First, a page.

The Tensile Strength of Polycarbonate Sheeting

Polycarbonate sheeting is known throughout the world of architecture and construction as one of the strongest and most flexible materials on the market today. This is thanks in part to its outstanding impact resistance (250 times greater than that of glass) and its ability to resist temperatures of up to 240 degrees Fahrenheit. Lost in all these features, however, is the fact that polycarbonate sheeting also boasts tremendous tensile strength; more than double that of glass in most cases. But what is tensile strength, and why is it important in a material?

Tensile Strength Basics

Tensile strength, simply put, is a measurement of a material's ability to resist breaking under tension. It dictates how well a material can handle being pulled apart or otherwise stressed and is typically derived from either a ASTM D638 or ISO 527 test. Though there are minor differences between the tests, both operate on the same basic principle of both ends of a material sample being secured by specially-designed clamps and pulled apart until the material breaks. This illustration may give you a better idea of how the test looks and of the equipment involved. From this, testers can not only derive the tensile strength of said material but also the strain, the tensile modulus, the yield point, the break point, and Poisson's ratio.

Though these elements are all of importance, tensile strength is often used as the basic determiner of a material's ability to hold up under stress. Depending on the test, tensile strength can be measured in psi, or pounds per square inch (for ASTM tests), or in MPa, or Megapascals (for ISO tests). One MPa is equal to 145.038 psi; to get a better sense of what the readings mean, check out this chart and its collection of pressure readings for everyday environments and occurrences.


It's also important to note that both tests measure tensile strength in two ways; ultimate tensile strength and yield tensile strength. The former marks the amount of pressure that a material must undergo before it breaks, while the latter dictates the pressure it can withstand before suffering permanent deformation. It's essential for manufacturers to be aware of these numbers when choosing materials, especially when it comes to construction projects. Imagine how disastrous it would be if it was discovered halfway through the creation of a building that a selected material couldn't handle the pressure of the weight piled on top of it.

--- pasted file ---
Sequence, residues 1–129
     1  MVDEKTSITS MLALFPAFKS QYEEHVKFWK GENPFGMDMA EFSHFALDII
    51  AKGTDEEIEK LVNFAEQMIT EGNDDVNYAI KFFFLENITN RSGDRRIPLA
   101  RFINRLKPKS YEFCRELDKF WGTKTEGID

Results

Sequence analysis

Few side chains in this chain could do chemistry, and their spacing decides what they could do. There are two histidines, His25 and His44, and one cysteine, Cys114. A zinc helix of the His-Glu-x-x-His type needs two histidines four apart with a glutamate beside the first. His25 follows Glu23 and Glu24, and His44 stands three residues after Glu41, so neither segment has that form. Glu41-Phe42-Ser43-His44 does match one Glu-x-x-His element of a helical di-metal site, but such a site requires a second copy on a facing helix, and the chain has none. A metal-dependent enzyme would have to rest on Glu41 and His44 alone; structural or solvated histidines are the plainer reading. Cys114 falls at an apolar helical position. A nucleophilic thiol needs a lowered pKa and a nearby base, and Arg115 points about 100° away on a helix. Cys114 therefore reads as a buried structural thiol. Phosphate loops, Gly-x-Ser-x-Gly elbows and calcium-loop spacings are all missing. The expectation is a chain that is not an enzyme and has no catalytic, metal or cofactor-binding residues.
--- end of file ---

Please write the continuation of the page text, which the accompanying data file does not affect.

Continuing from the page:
Polycarbonate Tensile Strength

Now that you know the basics of tensile strength, you're likely curious as to just how well polycarbonate sheet performs in that area. Though all varieties of polycarbonate exhibit exceptional tensile strength, the actual numbers vary somewhat from product to product.


Our clear SL polycarbonate sheets provide the transparency of glass in concert with superior impact resistance and tensile strength. Its ultimate tensile strength of 9500 psi and yield tensile strength of 9000 psi means that it would be able to withstand the pressure of being approximately 20,000 feet underwater before suffering permanent deformation or breakage.


Trupoly is an alternative for those in need of clear polycarbonate sheeting, a product that offers exceptional protection for machine guards, freight doors, or any other environment where you need both transparency and durability. Trupoly is also somewhat unusual in that its yield tensile strength (9400 psi) is greater than its ultimate tensile strength (8800 psi), meaning that a sheet made from this material will break before it suffers permanent deformation.


UV2 polycarbonate is similar to SL and Trupoly in the sense that it's mainly used for clear sheeting. It's unlike those two, however, in the sense that its tensile strength is measured by MPa instead of psi. Its ultimate tensile strength of 70 MPa (10152.6 psi) is the greatest of any of our polycarbonates, and its yield tensile strength of 63 MPa (9137.38 psi) lags only behind that of the Trupoly.


The ability of LD polycarbonate to diffuse light while maintaining exceptional light transmission - along with the fact that it can be custom created in any color - has made it an incredibly popular choice for manufacturers who value both aesthetics and durability. That durability is evidenced most clearly by a remarkable tensile strength that mirrors that of SL polycarbonate (9500 psi ultimate, 9000 psi yield).


Those pursuing glazing and industrial applications will find a lot to like about our polycarbonate GP. Its polished surface and tremendous strength makes it an exceptional choice for any environment where breakage or vandalism is a concern. As with the SL and LD, its 9500 psi ultimate tensile strength and its 9000 psi yield tensile strength means that otherworldly pressure must be applied before the sheet even thinks about breaking.


There's a great deal that manufacturers must consider when choosing materials for their project or product. Though aesthetics, affordability and flexibility are all chief concerns, none are as essential as the durability of the chosen material. Tensile strength plays a huge role in durability, and we at A&C Plastics are proud to say that the tensile strength of our polycarbonate sheeting rivals or surpasses that of any on the market today. If you'd like to know more about tensile strength - or about how our clients have made exceptional use of the durability of our products - please feel free to get in touch with one of our helpful plastics experts.